Claire Choi shares her experience as an Undergraduate Human Rights Major student so far.
What is your research focus? What drew you to this particular issue/set of issues?
My main research focus over the years has been children’s human rights. I have always loved working with children, which began while mentoring at low-income elementary schools in DC and New York. Since then, I have explored children’s rights in a number of capacities, including assisting attorneys at a legal organization representing unaccompanied immigrant children and engaging in policy research about child welfare, youth justice system involvement, and education. I also am writing my senior thesis about disproportionate child welfare involvement among families of color in New York, and the implications for children’s education.
Which class would you recommend to other students interested in the same issues as you?
Children’s Rights Advocacy with Professors Jo Becker and Michael Bochenek; International Human Rights Law with Professor Belinda Cooper; and Comparative Study of Constitutional Challenges Affecting African, Latino, and Asian American Communities with Professor Elizabeth OuYang. All taught by some of the most amazing professors you will meet at Columbia.
What is a must-read for a human rights student?
Campaigning for Children: Strategies for Advancing Children's Rights by Jo Becker and Shattered Bonds: The Color of Child Welfare by Dorothy Roberts.
Can you describe any volunteer or extracurricular activities that you have been a part of during your time at Columbia and how this experience has impacted you?
I volunteer with a tutoring group on campus and am involved with the undergraduate law review. I’m currently also a fellow with the Jailhouse Lawyers Manual at the Columbia Human Rights Law Review, and a research assistant at NYU Steinhardt and the Columbia Justice Lab. I’m very grateful to ISHR for making many of my experiences possible!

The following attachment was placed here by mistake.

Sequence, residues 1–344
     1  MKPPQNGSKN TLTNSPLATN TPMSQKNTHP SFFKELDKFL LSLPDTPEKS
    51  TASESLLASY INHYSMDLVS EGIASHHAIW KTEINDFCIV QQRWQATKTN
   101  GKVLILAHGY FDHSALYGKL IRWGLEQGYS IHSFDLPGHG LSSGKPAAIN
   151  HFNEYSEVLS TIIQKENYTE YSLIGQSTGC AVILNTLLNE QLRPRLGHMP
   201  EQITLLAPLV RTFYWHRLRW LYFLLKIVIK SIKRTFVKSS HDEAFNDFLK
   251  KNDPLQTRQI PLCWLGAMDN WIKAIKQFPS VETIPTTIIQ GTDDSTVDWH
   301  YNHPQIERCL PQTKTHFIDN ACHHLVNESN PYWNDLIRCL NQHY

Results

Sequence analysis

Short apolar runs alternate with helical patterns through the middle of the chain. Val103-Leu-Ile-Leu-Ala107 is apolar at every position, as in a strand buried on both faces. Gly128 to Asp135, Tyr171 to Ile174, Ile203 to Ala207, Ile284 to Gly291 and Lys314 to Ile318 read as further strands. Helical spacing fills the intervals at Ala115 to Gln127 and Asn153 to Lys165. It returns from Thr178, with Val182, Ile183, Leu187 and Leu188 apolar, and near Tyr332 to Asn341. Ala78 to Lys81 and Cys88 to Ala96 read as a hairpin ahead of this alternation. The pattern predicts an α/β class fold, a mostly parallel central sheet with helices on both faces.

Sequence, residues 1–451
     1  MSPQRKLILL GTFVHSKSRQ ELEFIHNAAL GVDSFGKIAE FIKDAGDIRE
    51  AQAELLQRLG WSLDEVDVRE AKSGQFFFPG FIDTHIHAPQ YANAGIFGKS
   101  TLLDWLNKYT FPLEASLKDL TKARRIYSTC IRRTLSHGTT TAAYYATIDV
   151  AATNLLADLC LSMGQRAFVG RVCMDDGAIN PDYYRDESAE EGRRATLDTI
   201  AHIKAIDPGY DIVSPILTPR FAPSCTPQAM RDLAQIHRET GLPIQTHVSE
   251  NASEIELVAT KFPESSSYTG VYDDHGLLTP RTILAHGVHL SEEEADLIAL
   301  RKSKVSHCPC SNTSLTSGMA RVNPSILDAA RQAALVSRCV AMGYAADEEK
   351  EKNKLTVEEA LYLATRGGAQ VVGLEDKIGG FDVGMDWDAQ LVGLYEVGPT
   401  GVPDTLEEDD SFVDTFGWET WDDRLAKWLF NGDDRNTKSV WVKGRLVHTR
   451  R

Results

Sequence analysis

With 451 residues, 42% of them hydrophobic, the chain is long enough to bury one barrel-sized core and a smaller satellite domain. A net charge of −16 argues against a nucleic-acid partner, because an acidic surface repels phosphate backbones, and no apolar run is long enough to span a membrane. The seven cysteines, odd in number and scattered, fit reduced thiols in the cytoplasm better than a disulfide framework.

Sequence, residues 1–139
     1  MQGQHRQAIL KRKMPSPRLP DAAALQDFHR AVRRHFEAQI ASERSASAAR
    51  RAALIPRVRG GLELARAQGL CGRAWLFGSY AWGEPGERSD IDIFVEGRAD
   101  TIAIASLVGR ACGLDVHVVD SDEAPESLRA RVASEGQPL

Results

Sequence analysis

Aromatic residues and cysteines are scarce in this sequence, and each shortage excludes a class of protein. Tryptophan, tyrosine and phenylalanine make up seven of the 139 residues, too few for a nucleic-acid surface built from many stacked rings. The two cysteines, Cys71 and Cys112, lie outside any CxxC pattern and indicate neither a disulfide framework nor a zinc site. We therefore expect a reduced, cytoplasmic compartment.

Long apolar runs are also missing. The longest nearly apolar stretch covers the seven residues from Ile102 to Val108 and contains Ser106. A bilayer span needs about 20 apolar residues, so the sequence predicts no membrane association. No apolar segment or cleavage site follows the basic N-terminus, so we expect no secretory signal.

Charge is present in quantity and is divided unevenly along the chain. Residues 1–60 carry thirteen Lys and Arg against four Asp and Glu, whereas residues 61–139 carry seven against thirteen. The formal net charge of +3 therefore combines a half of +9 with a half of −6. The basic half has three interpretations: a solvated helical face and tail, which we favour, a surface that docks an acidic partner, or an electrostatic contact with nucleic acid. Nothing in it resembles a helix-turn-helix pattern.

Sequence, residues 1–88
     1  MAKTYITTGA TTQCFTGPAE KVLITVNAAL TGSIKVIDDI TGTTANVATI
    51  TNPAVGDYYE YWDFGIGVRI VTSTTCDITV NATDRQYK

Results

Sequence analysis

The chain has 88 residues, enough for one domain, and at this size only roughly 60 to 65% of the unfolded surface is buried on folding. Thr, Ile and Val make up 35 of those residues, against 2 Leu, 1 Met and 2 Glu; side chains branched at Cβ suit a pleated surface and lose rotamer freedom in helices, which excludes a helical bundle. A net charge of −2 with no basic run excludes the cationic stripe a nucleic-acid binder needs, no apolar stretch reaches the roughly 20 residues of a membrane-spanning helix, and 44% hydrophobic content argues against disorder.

What has been your favorite moment in the program so far?
My favorite moment in the program was taking International Human Rights Law with Professor Belinda Cooper. My class only had five other students, many of whom had engaged in human rights work on the ground in countries around the world. I learned as much from my peers' experiences as the course material itself.
What are your goals (professional or academic) after graduation? Where do you see yourself in 10 years?
I hope to teach for several years after graduation, and after, pursue a degree in Education Policy or a law degree to equip me with the skills with which to advocate for children. Ultimately, I hope to represent children in legal proceedings, serving domestic violence survivors, or refugee children through direct service.
What is your favorite spot to study (or spend time) on campus?
I love working at the Joe Coffee in Pulitzer Hall in the mornings, particularly when the sun comes in through the main windows. When it’s warm out, I also enjoy reading on Low Steps.
What is one thing that your peers would never guess about you or might find surprising?
I only drink black coffee.
What is your hometown/area famous for?
The White House!
If you were to start a bookclub, which book would be first on your list? Why?
If I were ever to not pursue a career in human rights, my other secret dream job would be to run my own bookstore-coffee shop. I love Yu and Me Books in Chinatown, which predominantly features Asian American authors and authors of color. My favorite books are Between the World and Me by Ta-Nehisi Coates and Norwegian Wood by Haruki Murakami.
Anything else you wish to share about yourself or your experience in the program/Columbia so far?
I have had such a wonderful experience during my time at Columbia and am grateful to every professor I have had over the past several years. They have been tremendously formative in my career as a human rights student and inspire me every day to become a deeper learner, more thoughtful and compassionate person, and devoted advocate of human rights.